Baptism by fire for Kipchumba Murkomen as he takes over Transport docket

Roads, Transport and Public Works Cabinet Secretary Kipchumba Murkomen. ILLUSTRATION | JOSEPH BARASA | NMG

It is baptism of fire for Roads, Transport and Public Works Cabinet Secretary Kipchumba Murkomen as he settles into his new role.

Just weeks after his appointment, Mr Murkomen is leading the ministry through one of the biggest challenges in recent years, with a pilots' strike at the national carrier Kenya Airways (KQ) disrupting flights to different destinations around the world.

The strike, which started on Saturday, has left thousands of passengers stranded at Nairobi's Jomo Kenyatta International Airport (JKIA).

Even after holding a closed-door meeting for more than five hours with members of the pilots association on Friday, and more meetings over the weekend, Mr Murkomen who described himself as a hands-on person during his vetting before Parliament, could not persuade the pilots to resume work.

The airline, which is 48.9 percent government-owned, normally does between 60 to 70 flights daily. Several flights were cancelled as Mr Murkomen addressed the press late in the evening on Friday, to appraise the nation on the talks so far.

“I have asked the pilots to reconsider their position because there is a court order in place and the management has expressed its willingness to engage,” he said.

On Saturday, he hardened his stance.

“The strike is unwarranted. The pilots are trying to test the new administration,” he said.

Mr Murkomen asked the pilots to consider the state of the economy, the status of the company and plans the government has put in place to save the loss-making company. But his pleas fell on deaf ears.

Cancellation of flights means hefty fines for the national carrier. There are also additional costs arising from transfer of KQ passengers to other airlines or booking them in city hotels.

The airline has been facing turbulent times but passenger numbers had started going up. KQ flew 2.2 million passengers last year, a 25 percent growth from the previous year, while cargo grew by 29 percent to 63,726. The company was looking forward to increasing the number of passengers and cargo.

In calling for the strike, the pilots through the Kenya Airline Pilots Association (KALPA) raised four grievances: withdrawal of the staff provident fund, alleged victimisation and harassment of union officials and members at large, none adherence to regulations together with a collective bargaining agreement and leadership and governance issues in the company.

To try to forestall the strike, the company had rushed to court and obtained a temporary order suspending the industrial action, which they had issued October 19.

The airline said it was willing to engage in negotiations with the association but the pilots reportedly called for radical measures in the middle of the talks.

Mr Murkomen had to step in when it was apparent that the pilots would make good their threat.

During the talks, the 43-year-old lawyer wondered why the pilots called the strike when President William Ruto’s administration was settling down.

“The management says it is willing to consider the demands of the pilots and engage in open discussion. But we are wondering why now, when the new government is coming in,” he said.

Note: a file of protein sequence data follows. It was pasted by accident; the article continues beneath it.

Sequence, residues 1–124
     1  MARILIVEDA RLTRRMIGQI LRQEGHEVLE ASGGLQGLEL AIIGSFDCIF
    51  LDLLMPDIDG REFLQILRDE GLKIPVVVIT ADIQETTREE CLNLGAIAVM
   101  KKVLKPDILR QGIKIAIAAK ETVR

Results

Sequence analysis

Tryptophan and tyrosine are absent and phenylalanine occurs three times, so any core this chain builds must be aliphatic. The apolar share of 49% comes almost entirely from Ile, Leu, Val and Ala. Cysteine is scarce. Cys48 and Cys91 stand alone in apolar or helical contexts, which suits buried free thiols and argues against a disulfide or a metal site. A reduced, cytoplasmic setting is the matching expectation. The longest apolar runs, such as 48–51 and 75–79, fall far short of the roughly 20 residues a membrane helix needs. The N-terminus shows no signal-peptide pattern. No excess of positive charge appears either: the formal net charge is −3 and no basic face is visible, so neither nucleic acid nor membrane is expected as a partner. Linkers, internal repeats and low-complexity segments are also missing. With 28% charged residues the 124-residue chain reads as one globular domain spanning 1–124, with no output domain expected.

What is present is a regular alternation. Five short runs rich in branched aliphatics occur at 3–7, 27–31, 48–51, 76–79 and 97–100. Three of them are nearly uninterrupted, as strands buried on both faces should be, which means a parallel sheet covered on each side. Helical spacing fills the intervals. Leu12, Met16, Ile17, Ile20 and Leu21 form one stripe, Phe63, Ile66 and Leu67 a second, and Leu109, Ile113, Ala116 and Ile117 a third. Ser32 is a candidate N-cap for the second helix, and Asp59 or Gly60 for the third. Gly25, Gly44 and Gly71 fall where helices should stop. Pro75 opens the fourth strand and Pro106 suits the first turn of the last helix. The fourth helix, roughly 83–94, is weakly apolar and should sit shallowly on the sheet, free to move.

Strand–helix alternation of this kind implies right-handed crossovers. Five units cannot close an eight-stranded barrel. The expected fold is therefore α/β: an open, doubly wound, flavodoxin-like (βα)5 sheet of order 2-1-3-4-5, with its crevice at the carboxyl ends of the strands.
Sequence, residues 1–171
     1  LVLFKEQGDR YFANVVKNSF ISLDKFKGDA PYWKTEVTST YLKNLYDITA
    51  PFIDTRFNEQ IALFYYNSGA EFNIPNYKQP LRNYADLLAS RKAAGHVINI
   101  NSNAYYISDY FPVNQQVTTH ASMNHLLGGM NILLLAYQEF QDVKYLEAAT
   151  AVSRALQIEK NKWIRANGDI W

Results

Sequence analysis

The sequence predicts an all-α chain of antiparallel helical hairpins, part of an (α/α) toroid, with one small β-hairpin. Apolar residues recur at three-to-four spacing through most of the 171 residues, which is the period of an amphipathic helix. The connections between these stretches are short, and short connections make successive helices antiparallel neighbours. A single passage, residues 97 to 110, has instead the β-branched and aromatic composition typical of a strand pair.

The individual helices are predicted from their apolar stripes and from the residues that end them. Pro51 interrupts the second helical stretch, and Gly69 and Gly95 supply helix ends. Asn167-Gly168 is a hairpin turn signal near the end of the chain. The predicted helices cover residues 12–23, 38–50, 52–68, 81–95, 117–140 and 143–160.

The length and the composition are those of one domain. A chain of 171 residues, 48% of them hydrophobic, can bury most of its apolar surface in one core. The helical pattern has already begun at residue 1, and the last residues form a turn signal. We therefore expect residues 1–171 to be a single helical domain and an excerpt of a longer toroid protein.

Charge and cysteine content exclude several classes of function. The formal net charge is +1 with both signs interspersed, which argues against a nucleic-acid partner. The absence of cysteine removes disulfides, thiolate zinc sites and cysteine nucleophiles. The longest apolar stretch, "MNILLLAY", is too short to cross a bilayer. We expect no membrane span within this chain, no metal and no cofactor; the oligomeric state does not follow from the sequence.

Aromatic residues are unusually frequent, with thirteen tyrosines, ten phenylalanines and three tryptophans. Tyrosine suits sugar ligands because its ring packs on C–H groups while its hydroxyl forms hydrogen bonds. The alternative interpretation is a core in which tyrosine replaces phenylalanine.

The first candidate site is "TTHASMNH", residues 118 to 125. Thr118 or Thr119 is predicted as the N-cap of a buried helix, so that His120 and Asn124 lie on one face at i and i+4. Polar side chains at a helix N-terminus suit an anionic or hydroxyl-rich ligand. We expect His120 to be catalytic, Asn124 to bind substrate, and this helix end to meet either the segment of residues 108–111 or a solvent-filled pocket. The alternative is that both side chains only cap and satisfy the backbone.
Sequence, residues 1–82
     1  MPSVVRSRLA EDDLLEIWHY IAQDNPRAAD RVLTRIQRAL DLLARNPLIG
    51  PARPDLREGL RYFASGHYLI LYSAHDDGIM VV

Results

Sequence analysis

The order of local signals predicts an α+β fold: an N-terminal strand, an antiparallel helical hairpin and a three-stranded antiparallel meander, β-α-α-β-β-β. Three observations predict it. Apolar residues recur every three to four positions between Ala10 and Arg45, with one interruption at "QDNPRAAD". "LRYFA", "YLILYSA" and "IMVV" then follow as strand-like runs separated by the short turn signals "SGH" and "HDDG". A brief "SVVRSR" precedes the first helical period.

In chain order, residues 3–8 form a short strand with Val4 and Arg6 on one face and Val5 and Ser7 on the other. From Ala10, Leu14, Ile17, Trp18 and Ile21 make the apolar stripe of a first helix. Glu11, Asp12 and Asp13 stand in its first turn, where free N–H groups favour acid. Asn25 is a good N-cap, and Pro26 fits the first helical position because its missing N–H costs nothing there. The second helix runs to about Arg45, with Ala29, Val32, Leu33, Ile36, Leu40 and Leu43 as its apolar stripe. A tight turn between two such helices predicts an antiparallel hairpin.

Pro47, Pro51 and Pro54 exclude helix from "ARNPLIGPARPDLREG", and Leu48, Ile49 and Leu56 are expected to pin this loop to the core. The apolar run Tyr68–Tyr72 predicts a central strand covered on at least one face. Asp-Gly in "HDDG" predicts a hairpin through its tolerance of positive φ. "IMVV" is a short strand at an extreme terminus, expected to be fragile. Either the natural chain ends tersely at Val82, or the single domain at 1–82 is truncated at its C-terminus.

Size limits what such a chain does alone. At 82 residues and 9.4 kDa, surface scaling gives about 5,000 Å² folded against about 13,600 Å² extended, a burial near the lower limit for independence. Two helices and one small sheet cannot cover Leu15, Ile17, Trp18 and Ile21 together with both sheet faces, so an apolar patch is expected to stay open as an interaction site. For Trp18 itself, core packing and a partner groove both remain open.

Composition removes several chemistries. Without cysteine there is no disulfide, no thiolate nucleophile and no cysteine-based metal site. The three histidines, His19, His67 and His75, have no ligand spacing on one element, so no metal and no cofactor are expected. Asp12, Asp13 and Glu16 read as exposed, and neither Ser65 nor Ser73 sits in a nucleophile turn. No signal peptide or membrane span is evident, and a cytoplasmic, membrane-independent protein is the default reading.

Mr Murkomen, a holder of Master of Law degrees from Washington College of Law, US and the University of Pretoria, South Africa, took over from James Macharia, who also had to deal with a pilots’ strike.

In 2016, the pilots called a strike and demanded the exit of then airline’s CEO and chairman. They said the airline was suffering under the stewardship of Mbuvi Ngunze as CEO and chairman Dennis Awori.

“With every passing day, it becomes clear that Kenya Airways’ leadership lacks a clear vision, the right synergies and the willpower to lead the airline’s recovery efforts,” the pilots said.

Mr Macharia termed the strike economic sabotage and that Kalpa leadership’s demands were solely driven by “personal gain” without giving dialogue a chance.

This year, the pilots have near-similar grievances, asking for termination of employment of six top executives.

The KQ pilots strike has proved to be a hot potato and it remains to seen how the new Cabinet Secretary will convince the pilots to call of the strike.

Before his appointment to the Cabinet, Mr Murkomen served as a Senator for two terms.

The tough-talking Cabinet Secretary said during his parliamentary vetting that he would make public contract details of the controversial Sh670 billion standard gauge railway (SGR) contract.

The details of the contract have remained opaque despite activists pushing to know whether some national assets were used to guarantee the loans. Former President Uhuru Kenyatta’s administration resisted pressure to make SGR contracts public, citing non-disclosure clauses.

“I have spoken to everybody whom I thought was a person of influence in government and privy to the SGR contract but they have said they have never seen the SGR agreement,” Mr Murkomen told the MPs one month ago.

A few days ago, he said he is “almost locating where it is and once I get it I will talk to the majority leader so that they can provide a forum in Parliament through the representatives of the people to present to the people."

As Kenya Airways CEO Allan Kilavuka, appointed two years ago, and Mr Murkomen seek to end the pilots’ strike, Kenyans will also be waiting to see how the government plans to revamp the company, which has been surviving on State bailouts since the Covid-19 pandemic.

The company tapped a US-based advisory firm Seabury Consulting in early February to advise it on financial restructuring and a revival plan amid the losses.

PAYE Tax Calculator

Note: The results are not exact but very close to the actual.